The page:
The appointment of new Sunderland manager Paolo Di Canio has prompted former Labour leadership contender David Miliband to resign his position as director at the club.
Miliband, who quit the board within hours of Di Canio replacing Martin O'Neill on Sunday, released a statement saying the move was due to "the new manager's past political statements".
Di Canio drew outrage in 2005 when he celebrated his side Lazio's derby win over AS Roma with a fascist-style salute.
He later admitted being an admirer of Italy's fascist leader Benito Mussolini, but denied being a racist.
Di Canio, who enjoyed a colourful playing career with clubs including Juventus, AC Milan, Lazio, West Ham United and Celtic, has never managed in the top flight and joins 16th-placed Sunderland six weeks after quitting third-tier Swindon Town.
Fans are likely to be divided over the arrival of 44-year-old Di Canio, who is remembered as much for pushing over a referee as for his sportsmanship during his playing days in England.
He received an 11-match ban in 1998 for shoving referee Paul Alcock to the ground after being shown a red card while playing for Sheffield Wednesday.
He also picked up a fair play award for catching the ball - rather than shooting into an open goal - so that injured Everton goalkeeper Paul Gerrard could receive treatment during a league game.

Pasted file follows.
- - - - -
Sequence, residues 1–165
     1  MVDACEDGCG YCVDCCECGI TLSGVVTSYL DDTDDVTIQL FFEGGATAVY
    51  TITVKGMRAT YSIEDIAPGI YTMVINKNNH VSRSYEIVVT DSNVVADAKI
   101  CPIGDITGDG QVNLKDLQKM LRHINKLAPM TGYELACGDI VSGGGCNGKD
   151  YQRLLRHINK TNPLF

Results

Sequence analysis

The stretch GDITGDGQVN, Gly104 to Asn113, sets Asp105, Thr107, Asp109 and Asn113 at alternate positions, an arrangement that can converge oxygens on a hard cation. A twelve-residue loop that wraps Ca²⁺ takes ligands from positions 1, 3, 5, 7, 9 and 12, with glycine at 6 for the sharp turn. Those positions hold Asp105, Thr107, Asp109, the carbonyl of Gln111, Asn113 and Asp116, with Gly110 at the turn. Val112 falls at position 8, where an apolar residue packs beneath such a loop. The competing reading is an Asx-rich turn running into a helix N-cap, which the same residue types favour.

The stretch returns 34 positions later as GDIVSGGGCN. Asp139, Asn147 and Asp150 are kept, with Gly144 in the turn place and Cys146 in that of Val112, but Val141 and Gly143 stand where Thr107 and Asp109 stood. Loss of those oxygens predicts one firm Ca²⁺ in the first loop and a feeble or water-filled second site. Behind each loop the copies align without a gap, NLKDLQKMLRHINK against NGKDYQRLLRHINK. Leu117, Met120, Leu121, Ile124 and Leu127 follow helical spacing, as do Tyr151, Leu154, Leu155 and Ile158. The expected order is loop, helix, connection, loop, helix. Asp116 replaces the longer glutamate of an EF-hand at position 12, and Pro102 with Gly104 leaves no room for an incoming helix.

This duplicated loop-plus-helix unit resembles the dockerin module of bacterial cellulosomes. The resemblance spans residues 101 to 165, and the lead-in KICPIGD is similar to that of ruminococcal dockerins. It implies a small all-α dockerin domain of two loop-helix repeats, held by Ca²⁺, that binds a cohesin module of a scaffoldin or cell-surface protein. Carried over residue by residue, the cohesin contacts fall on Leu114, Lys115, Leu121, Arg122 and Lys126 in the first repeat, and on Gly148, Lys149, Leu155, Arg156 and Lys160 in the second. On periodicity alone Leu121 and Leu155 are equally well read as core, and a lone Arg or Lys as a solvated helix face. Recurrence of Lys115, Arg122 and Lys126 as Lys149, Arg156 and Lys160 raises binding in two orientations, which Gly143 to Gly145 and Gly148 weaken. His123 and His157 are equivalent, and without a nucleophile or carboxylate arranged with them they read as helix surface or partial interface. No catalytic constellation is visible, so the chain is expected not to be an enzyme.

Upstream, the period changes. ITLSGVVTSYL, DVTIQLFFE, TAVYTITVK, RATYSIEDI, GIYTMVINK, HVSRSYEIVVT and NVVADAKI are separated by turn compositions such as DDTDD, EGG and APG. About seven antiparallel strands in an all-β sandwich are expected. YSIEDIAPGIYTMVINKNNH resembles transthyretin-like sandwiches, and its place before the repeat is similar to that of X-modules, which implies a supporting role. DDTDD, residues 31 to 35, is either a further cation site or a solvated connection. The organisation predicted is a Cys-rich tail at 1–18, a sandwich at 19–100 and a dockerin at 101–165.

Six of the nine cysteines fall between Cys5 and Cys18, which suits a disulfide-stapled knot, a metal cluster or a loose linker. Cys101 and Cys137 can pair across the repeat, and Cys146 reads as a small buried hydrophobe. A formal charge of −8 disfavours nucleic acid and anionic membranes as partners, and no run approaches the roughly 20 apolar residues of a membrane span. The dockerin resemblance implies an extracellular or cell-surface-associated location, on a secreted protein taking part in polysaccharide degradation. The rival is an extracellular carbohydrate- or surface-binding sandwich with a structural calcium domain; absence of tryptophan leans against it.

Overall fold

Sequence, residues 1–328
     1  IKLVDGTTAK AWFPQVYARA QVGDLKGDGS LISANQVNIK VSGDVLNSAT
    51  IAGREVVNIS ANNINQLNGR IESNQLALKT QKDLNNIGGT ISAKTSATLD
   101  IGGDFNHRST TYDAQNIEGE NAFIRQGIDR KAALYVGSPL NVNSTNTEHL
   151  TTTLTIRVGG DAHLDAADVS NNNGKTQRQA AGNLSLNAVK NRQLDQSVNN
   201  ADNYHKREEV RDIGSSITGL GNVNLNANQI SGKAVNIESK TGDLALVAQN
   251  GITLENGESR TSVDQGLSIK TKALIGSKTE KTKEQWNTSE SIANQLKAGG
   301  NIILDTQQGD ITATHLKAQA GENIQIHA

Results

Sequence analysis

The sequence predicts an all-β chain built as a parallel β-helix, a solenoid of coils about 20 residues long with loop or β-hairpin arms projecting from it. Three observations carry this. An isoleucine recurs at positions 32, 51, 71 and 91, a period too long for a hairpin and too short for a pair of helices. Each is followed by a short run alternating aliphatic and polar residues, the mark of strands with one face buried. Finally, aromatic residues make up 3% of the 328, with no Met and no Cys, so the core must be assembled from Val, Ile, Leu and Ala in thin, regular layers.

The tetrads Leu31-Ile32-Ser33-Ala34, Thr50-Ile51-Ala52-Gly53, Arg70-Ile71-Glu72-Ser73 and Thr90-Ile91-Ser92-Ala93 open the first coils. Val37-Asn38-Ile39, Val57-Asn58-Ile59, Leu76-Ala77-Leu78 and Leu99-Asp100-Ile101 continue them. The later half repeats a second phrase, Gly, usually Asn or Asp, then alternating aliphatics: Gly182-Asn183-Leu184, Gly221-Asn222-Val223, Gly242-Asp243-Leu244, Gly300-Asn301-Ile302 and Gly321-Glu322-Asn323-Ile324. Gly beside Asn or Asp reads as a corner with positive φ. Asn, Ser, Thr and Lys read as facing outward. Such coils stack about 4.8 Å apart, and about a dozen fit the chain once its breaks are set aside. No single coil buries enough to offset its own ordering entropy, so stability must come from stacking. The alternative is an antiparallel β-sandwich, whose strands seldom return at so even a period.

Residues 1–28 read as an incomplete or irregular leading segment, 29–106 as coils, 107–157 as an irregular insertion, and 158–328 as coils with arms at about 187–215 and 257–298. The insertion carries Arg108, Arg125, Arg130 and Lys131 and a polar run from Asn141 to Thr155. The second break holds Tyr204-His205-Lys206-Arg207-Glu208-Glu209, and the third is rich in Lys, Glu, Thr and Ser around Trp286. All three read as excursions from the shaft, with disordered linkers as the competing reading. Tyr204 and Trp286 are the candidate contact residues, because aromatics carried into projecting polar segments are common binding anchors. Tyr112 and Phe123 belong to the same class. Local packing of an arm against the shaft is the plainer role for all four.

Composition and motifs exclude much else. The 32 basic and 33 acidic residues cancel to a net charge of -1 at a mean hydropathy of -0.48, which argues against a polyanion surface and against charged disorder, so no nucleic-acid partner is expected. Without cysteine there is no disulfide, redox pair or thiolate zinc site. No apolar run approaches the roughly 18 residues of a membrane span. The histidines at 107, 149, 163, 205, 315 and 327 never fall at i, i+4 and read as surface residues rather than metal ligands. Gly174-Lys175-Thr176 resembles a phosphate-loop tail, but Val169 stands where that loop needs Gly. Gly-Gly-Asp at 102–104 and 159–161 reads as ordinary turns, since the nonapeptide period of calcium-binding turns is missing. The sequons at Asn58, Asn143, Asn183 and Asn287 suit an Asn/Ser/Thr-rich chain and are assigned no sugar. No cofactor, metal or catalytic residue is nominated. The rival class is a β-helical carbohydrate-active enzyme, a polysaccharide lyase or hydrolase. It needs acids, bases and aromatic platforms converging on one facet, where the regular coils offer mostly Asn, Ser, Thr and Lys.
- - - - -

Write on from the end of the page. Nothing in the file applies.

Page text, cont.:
Former striker Di Canio, who inherits a team hovering one point above the relegation zone, landed his first job as a coach when he was appointed at Swindon in 2011.
He guided the club to the fourth-tier title a year later and said he was prepared to eat into his savings to fulfil his ambition of taking them into the second tier.
He left Swindon on February 18th after a typically roller-coaster time with the club.
His passion often boiled over into rows with his players and this season he antagonised fans by telling those unhappy with his decisions to go and support local rivals Oxford United.
Di Canio's first match in charge of his new club is next Sunday's trip to Chelsea.
Presented by Adam Justice